• Empowered has a lot of them:
    • Dungeons and Dragons -- with shirts sporting "INT. 19 (supra-genius)" or "STR. 18(00)";
      • Their space station is even called "The d10" (the Dungeons & Dragons method of describing a 10-sided die) and looks the part.
    • Maison Ikkoku: Emp's "Piyo Piyo" apron;
    • Dr. Big McLargeHuge;
    • When Ninjette tells Emp how her suit sprouted wings (which Emp can't remember), Emp pictures herself as a devil. Her mental picture looks quite a bit like she's cosplaying as Etna.
    • ThugBoy wears a t-shirt with the King of All Cosmos on it at one point.
    • The Superhomeys' undisclosed meeting location is room 3B, a reference to the imaginary lecture hall where the wizards of Unseen University in Discworld pretend to have class.
    • It's the goddamn Maidman!
    • A shout-out to 4chan even made its way into one of the books.
  • Rocky has Shout Outs to Peter Bagge, The Ren and Stimpy Show, Seinfeld, and rappers like Kool Keith, Jay-Z, Little Brother, Nas, and Wu-Tang Clan.
  • Many many times throughout the years in the various media he's been depicted in, Superman or, sometimes, an Expy has been shown holding a car above his head pointed slightly downward in reference to the image on the cover of Action Comics #1, his first appearance. Most of these shout outs do not show the car being smashed into a hill side with people still in it the way Superman was in that iconic cover.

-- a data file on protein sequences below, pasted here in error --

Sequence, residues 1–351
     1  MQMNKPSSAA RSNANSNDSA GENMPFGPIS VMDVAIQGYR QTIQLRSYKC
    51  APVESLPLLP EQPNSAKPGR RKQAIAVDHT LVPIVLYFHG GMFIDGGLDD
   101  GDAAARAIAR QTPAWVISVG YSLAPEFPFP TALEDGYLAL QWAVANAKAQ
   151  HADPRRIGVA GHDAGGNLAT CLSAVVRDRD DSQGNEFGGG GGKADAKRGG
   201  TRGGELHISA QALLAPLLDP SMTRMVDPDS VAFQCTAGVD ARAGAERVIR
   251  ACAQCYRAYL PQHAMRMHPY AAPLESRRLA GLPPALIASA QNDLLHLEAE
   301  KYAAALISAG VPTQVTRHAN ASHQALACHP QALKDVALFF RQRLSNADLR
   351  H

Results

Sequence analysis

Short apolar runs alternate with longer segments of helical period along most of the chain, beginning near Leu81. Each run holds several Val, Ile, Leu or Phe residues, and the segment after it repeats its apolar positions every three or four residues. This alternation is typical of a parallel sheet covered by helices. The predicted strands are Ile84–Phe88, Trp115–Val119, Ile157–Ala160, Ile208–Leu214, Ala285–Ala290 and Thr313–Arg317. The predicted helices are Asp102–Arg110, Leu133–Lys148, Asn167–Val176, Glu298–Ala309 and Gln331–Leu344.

• In Paperinik New Adventures, a mad scientist is bent on killing millions of people - including the entire population of Duckburg - for the betterment of mankind. Paperinik is determined to stop him before he has a chance to activate the process... but unfortunately he did that 35 hours ago.
  • One issue of Secret Origins told the origin of the Golden Age Green Lantern; three sailors are shown bringing the lantern from China. The sailors are quite obviously from Terry and the Pirates.